Centurion credits God for success

29 Nov 2003 | 9th Marine Corps District

Motivated performance produced results for an RS Lansing recruiter as he picked up the coveted title of Centurion and achieved the status of Recruiter of the Year for this recruiting station.

With a 3.71 APR for Fiscal Year 2003, SSgt. Demetrius D. Bell, SNCOIC, RSS St. Joseph, has accomplished the two goals he initially set out to do.

As a reservist from 1995-1998, Bell tried his hand a couple of times as a recruiter's assistant.

"I was a rec assistant out of RS Lansing where I was a lance corporal then corporal. As a corporal I was able to witness people in my station, RSS Kalamazoo, receive Centurion and also Recruiter of the Year. I said that if I ever came out there on recruiting duty that those are two things I'd like to shoot for."

In December of 1998 he became an active duty recruiter for about 26 months and then went back as a reservist for another year. After prayer and thought, his hunger to be a recruiter compelled him to go active duty once again. In July, shortly after going active duty a second time in 2003, Bell saw his first goal met as he became a Centurion within 36 months of active duty recruiting.

Bell enjoys the recruiting scene.

"This is a people business. I like the whole thing about establishing rapport; this is something that comes naturally. I couldn't see myself stationary, just in one spot all day. Being on recruiting duty you get to interact and that's what I like," said Bell.

For Bell things aren't always easy.

"There have been many challenges, (like not) getting applicants to enlist as soon as you can or running right up to mission day in some instances. I do struggle; but that's a part of life. How you handle struggles or pressure shapes you. I welcome it, but at the same time I'd rather it not be there, and that's a part of human nature," explained Bell, who was having a few contracting difficulties in October. "I am thankful for those struggles because it heightens my awareness and causes me to consider what I'm doing."

Bell relies on his faith in Jesus Christ to accomplish whatever mission is handed down to him.

"This job will cause you to pray," said Bell. "It will cause you to pray maybe more than you ever did. As many challenges you are faced with in this job: Rejection, superiors, recruiters and your own family; you have to pray throughout the day.

Family also plays an important part in the recruiter's life and is a source of encouragement and even escape from the daily grind.

"That is an integral part of this job to me," said Bell about his family. "You can create your environment and make it whatever you want. Every time I go home, regardless of my day, the kids, they're jumping, 'daddy, daddy' so I go in there and jump right along with them. I jump them all the way up to bed; there's a certain routine we go through every single day. When I go home that motivates me, it gives me strength for the next day. Everybody's happy.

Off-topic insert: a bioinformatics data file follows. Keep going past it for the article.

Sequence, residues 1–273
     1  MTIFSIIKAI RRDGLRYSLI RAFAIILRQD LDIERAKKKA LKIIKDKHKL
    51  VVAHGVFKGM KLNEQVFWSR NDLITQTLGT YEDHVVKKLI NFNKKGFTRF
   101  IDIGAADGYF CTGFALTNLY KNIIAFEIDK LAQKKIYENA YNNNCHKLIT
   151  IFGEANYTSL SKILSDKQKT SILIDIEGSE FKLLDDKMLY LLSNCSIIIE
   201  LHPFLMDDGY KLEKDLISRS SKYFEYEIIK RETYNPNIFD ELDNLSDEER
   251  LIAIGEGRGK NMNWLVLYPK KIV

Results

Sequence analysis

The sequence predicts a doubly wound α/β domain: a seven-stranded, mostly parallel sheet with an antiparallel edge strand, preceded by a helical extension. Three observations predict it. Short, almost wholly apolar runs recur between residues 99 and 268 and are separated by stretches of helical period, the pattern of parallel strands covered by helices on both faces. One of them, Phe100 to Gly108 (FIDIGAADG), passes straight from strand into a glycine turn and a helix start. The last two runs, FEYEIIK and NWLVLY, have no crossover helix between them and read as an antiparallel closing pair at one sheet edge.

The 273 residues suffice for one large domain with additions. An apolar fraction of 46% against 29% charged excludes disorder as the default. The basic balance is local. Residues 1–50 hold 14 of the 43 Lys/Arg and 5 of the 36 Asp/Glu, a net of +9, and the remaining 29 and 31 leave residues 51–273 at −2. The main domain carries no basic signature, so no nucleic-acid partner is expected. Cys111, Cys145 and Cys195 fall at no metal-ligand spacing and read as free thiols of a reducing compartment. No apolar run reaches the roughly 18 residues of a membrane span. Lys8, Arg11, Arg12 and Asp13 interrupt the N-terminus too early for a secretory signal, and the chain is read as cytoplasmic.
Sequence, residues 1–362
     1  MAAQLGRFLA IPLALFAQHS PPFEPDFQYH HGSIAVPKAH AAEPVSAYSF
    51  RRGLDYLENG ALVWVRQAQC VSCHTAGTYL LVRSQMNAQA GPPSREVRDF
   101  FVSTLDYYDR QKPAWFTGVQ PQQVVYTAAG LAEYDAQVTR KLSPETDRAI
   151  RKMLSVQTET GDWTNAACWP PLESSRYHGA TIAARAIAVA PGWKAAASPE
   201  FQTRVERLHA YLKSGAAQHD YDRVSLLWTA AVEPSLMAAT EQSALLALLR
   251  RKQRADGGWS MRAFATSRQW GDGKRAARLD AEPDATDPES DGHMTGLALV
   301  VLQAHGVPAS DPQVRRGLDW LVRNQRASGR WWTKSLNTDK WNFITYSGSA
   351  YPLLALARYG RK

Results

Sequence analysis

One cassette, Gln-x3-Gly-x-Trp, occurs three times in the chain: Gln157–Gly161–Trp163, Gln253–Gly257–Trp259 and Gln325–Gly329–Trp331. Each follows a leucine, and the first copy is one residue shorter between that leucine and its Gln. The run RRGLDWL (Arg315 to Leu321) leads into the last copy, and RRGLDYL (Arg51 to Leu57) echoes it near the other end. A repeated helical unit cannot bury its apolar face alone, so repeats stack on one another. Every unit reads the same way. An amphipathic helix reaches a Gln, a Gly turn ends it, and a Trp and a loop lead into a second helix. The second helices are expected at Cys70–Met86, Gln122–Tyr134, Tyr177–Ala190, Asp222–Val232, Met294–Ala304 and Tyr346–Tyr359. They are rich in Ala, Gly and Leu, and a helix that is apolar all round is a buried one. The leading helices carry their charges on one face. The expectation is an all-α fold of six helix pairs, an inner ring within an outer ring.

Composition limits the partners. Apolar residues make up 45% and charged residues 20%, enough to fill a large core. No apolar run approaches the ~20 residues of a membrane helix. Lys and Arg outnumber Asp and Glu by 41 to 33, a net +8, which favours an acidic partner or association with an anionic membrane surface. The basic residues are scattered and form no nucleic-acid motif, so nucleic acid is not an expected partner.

"I don't let that die out. I never go home and sit there and mope," said Bell. "Because I've got three kids plus a wife. Your home life will be a direct reflection of how you do at work. If it's happy then you'll be able to deal with work a little bit better. It would be more stress if you came home to a bickering wife and arguing kids."

Bell's wife, Karrie, understands that recruiting life can be difficult and has set out to be there for her husband.

"I know recruiting is tough, I just try to be in the best and most supportive mood as possible: To treat him like a king," said Karrie, 24.

When interacting with his pool, Bell's philosophy is to honestly portray the image of a Marine.

"What builds a strong pool is those basic leadership principals and leadership traits. Setting the example, making sure each task is understood, supervise, accomplish and all that kind of good stuff. You have to know them as well as you have to know yourself and seek self-improvement," said Bell.

Bell recommends treating the pool no different than you would your Marines, and to set it up just like the Marine Corps is," he said.

The image of a Marine is achieved by holding oneself to a higher level in every area of life than that of the regular civilian. Bell does just that.

He said that recruiters should set the standard if one's not already set and to always shoot for that standard, and not settle for less than what is expected of them. If you don't have something like attention to detail, then to me it will reflect.

"If my office is not clean, then to me that's a direct reflection of how I am as a person. And that's what I mean by image, everything in its place at the right time. If I'm not making mission then that says something about me and about my image," said Bell.

9th Marine Corps District